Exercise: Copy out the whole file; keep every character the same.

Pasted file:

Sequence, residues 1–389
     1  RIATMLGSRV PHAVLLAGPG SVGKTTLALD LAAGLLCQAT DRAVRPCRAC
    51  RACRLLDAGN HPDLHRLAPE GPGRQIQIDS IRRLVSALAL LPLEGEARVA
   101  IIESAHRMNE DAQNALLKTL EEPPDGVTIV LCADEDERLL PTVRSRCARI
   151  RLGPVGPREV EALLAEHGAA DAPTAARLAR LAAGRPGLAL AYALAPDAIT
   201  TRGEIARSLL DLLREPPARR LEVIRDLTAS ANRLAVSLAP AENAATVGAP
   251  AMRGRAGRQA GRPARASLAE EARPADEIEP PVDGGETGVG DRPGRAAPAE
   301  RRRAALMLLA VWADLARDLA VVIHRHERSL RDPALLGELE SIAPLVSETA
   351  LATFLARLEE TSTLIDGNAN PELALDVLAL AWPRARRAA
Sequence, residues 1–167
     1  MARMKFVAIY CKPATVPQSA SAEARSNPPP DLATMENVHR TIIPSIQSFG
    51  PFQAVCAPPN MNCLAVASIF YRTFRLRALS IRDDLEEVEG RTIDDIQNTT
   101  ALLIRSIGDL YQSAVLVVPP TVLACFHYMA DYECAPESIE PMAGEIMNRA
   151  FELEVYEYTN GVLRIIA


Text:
Sequence, residues 1–389
     1  RIATMLGSRV PHAVLLAGPG SVGKTTLALD LAAGLLCQAT DRAVRPCRAC
    51  RACRLLDAGN HPDLHRLAPE GPGRQIQIDS IRRLVSALAL LPLEGEARVA
   101  IIESAHRMNE DAQNALLKTL EEPPDGVTIV LCADEDERLL PTVRSRCARI
   151  RLGPVGPREV EALLAEHGAA DAPTAARLAR LAAGRPGLAL AYALAPDAIT
   201  TRGEIARSLL DLLREPPARR LEVIRDLTAS ANRLAVSLAP AENAATVGAP
   251  AMRGRAGRQA GRPARASLAE EARPADEIEP PVDGGETGVG DRPGRAAPAE
   301  RRRAALMLLA VWADLARDLA VVIHRHERSL RDPALLGELE SIAPLVSETA
   351  LATFLARLEE TSTLIDGNAN PELALDVLAL AWPRARRAA
Sequence, residues 1–167
     1  MARMKFVAIY CKPATVPQSA SAEARSNPPP DLATMENVHR TIIPSIQSFG
    51  PFQAVCAPPN MNCLAVASIF YRTFRLRALS IRDDLEEVEG RTIDDIQNTT
   101  ALLIRSIGDL YQSAVLVVPP TVLACFHYMA DYECAPESIE PMAGEIMNRA
   151  FELEVYEYTN GVLRIIA